Encouraging Collective value addition and marketing among maize farmers

Maize production is one the highly paying and highly growing agricultural enterprises in Uganda due to increasing demand for maize processed products. Of recent, the demand for maize products has increased due to ready market provided especially by South Sudan and maize being adaptable to a variety of tropical conditions can easily be grown for processing to meet the customer demand.
However, maize growing has been taken up mainly on small with no input use, thus; resulting into low yields and returns to farmer investment. This has been exacerbated by the exploitative nature of marketing middlemen in the value chain who take advantage of farmers especially during peak seasons when there is a surplus of produce. Given the fact the most maize farmers lack proper storage facilities; they are forced to give away their produce at cheaper prices leaving them with little revenues, thus; unable to break even. Therefore, due to the above, a strategy of producing maize using local fertilizer material (Kitchen ash); storing and adding value to maize through processing to maize floor (grade A and B) and poultry feed has been developed so that even during peak seasons maize can be harvested, processed and stored for a longer time until when prices rise to a level that can enable actors in the value chain to break even and remain in business.
This project will be bulking maize from farmers in the maize growing villages through their groups and from individual farmers. Each farmer participating in this project must be a maize farmer with at least 2 acres of land dedicated to maize production; this means that a maximum of 500 maize farmers will be recruited under this project as the initial phase of the project aims at utilizing 1000 acres of farmers land for maize production. To ensure proper agronomic management of the maize farms by farmers, the project will employ qualified extension agronomists to provide the necessary advice to the participating farmers. This initiative requires an initial investment of US$189250.03. Offer your support to the project and help to sustainably end poverty among Nakasongola Farmers.

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Contribute to the building of a vaible apiary value chain in Uganda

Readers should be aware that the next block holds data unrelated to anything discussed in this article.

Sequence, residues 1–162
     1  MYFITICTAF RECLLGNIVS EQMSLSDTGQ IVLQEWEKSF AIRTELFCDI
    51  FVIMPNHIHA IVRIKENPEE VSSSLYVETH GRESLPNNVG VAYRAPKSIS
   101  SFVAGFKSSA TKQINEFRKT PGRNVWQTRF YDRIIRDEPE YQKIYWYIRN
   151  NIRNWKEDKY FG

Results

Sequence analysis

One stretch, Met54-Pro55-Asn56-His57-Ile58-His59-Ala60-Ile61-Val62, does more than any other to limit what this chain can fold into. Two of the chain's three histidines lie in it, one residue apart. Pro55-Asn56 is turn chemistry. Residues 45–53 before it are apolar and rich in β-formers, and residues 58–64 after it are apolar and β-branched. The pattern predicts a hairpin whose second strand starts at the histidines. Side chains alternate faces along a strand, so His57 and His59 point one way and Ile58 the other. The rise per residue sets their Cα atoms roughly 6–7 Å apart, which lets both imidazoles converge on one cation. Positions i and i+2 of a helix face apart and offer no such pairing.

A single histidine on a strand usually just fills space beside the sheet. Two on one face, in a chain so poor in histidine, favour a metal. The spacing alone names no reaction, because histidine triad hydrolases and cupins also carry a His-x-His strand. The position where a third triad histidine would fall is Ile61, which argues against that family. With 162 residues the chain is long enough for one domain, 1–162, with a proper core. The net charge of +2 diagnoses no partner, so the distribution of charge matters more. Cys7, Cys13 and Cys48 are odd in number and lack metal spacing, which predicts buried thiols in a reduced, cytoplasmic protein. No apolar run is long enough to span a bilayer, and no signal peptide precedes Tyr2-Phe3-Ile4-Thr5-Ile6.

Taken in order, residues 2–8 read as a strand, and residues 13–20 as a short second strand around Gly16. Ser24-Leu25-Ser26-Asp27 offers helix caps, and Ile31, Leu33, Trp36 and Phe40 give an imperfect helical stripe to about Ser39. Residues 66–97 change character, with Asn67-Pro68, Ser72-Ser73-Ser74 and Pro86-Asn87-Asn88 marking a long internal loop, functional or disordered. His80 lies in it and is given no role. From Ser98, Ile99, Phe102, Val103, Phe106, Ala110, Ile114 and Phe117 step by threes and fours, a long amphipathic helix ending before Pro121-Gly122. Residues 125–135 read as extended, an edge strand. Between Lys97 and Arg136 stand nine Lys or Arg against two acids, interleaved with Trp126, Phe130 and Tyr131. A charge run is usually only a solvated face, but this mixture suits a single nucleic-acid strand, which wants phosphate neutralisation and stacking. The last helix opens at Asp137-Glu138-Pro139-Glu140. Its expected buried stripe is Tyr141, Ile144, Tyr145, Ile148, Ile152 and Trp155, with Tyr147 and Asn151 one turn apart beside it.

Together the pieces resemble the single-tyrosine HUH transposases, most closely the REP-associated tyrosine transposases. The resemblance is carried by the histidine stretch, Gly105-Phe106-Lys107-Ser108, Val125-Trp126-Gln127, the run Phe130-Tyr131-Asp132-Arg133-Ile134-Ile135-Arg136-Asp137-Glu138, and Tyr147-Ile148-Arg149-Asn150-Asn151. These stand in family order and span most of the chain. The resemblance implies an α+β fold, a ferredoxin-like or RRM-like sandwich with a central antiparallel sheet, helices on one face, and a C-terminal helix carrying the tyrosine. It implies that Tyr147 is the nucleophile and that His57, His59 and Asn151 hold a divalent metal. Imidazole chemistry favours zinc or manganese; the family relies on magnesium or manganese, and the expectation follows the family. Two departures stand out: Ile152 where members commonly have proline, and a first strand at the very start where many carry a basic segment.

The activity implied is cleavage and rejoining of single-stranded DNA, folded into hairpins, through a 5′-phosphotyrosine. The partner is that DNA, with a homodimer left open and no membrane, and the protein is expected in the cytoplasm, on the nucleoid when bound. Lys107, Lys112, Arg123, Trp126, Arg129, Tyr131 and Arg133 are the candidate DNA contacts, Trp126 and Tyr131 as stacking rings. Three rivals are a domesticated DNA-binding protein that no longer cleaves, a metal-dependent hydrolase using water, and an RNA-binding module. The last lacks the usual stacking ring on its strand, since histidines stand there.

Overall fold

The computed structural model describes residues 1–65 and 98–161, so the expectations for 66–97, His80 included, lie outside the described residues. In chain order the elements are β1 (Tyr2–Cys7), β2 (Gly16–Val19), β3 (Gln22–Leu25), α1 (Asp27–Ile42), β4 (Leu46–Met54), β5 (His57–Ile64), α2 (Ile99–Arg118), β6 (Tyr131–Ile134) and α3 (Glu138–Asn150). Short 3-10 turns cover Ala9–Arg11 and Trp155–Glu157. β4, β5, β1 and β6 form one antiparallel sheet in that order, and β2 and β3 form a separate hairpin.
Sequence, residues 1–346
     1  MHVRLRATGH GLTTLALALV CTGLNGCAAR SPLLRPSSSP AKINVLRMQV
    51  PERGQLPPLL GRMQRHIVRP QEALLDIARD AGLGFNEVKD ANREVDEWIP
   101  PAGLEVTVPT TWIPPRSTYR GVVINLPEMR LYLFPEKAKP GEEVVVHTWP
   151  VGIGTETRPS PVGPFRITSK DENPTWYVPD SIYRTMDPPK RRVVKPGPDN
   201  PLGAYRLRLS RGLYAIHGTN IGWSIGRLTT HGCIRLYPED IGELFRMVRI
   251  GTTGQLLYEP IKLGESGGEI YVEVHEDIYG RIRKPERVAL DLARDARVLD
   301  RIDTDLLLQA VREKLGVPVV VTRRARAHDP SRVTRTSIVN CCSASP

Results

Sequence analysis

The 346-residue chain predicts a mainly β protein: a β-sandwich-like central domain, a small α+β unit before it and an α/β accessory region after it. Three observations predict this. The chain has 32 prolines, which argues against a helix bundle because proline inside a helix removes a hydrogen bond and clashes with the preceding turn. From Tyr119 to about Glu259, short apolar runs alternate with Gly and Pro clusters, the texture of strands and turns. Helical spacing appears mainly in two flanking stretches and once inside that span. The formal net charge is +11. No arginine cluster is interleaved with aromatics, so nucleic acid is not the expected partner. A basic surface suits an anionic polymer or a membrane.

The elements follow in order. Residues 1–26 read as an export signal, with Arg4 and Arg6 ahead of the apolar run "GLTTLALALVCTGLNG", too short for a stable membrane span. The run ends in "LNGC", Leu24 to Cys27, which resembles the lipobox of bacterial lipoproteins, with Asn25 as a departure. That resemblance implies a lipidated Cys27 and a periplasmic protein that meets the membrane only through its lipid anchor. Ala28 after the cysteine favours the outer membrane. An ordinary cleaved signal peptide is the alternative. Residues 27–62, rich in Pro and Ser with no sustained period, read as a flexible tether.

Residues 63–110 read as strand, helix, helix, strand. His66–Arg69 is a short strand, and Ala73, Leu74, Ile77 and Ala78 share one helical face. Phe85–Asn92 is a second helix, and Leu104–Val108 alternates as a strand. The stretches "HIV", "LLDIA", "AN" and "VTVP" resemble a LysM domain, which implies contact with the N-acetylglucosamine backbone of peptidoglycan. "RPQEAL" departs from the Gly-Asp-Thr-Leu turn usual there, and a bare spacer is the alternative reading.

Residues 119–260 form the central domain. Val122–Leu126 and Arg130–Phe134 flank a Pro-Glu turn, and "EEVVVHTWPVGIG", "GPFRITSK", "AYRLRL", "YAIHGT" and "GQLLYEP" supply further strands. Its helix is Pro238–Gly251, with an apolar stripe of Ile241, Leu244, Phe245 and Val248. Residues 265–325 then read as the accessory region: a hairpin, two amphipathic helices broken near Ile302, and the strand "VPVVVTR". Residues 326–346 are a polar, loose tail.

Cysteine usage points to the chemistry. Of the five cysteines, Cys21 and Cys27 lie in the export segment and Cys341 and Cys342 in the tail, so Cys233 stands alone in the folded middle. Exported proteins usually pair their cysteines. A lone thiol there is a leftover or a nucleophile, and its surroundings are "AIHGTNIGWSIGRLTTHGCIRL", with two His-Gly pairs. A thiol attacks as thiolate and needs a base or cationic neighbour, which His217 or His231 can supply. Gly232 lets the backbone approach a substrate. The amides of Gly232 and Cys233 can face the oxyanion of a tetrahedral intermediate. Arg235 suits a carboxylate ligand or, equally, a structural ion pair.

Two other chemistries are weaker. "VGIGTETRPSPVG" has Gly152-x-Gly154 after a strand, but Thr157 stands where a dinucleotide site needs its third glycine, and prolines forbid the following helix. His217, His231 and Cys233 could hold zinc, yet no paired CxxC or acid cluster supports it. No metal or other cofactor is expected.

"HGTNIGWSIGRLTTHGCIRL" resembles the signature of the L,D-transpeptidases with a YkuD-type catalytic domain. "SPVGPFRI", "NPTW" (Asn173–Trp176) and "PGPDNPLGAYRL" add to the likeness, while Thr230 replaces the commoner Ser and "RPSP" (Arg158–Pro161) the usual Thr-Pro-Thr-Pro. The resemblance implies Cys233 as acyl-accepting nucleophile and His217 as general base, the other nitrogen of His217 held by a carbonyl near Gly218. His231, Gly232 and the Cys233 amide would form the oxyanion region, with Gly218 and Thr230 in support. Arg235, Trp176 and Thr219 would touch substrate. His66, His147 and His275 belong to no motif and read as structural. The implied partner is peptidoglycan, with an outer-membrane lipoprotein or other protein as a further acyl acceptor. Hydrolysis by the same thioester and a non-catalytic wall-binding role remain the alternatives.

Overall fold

The slow rate of agricultural development in Africa can largely be blamed on lack of functional relationships between technology/innovation generation centers (sources), local farming communities, financial institutions and markets. The result has been low penetration of promising innovations/technologies thus, low adoption levels, low production and limited or no access to markets and financial services by farmers. In general, most of the innovation/technologies developed have not been extensively out-scaled some of which are not even packaged in user friendly formats. Therefore, FOSAA intends to establish and manage innovation/technology incubation centers in collaboration with knowledge institutions (Universities/ colleges; research institutions), farmer groups and the private sector as a mechanism for enhancing bee farming intensification. In addition, FOSSA will liaise with other stakeholders (insurers) to reduce agricultural production and price risks caused by climatic changes and market distortions, respectively. Further, these incubation centers will also act as agribusiness training/resource centers where a multi-structured programme that includes farm enterprise selection, resource mobilisation and utilisation, routine market assessment and business negotiation skills, record keeping and financial management, risk prediction and management, value addition, carbon foot- printing and team building will be managed. The farming community will have free access to internet, computer training and digital agricultural/other inforamtion on request. Please make your contribution to day and help empower our bee farmers.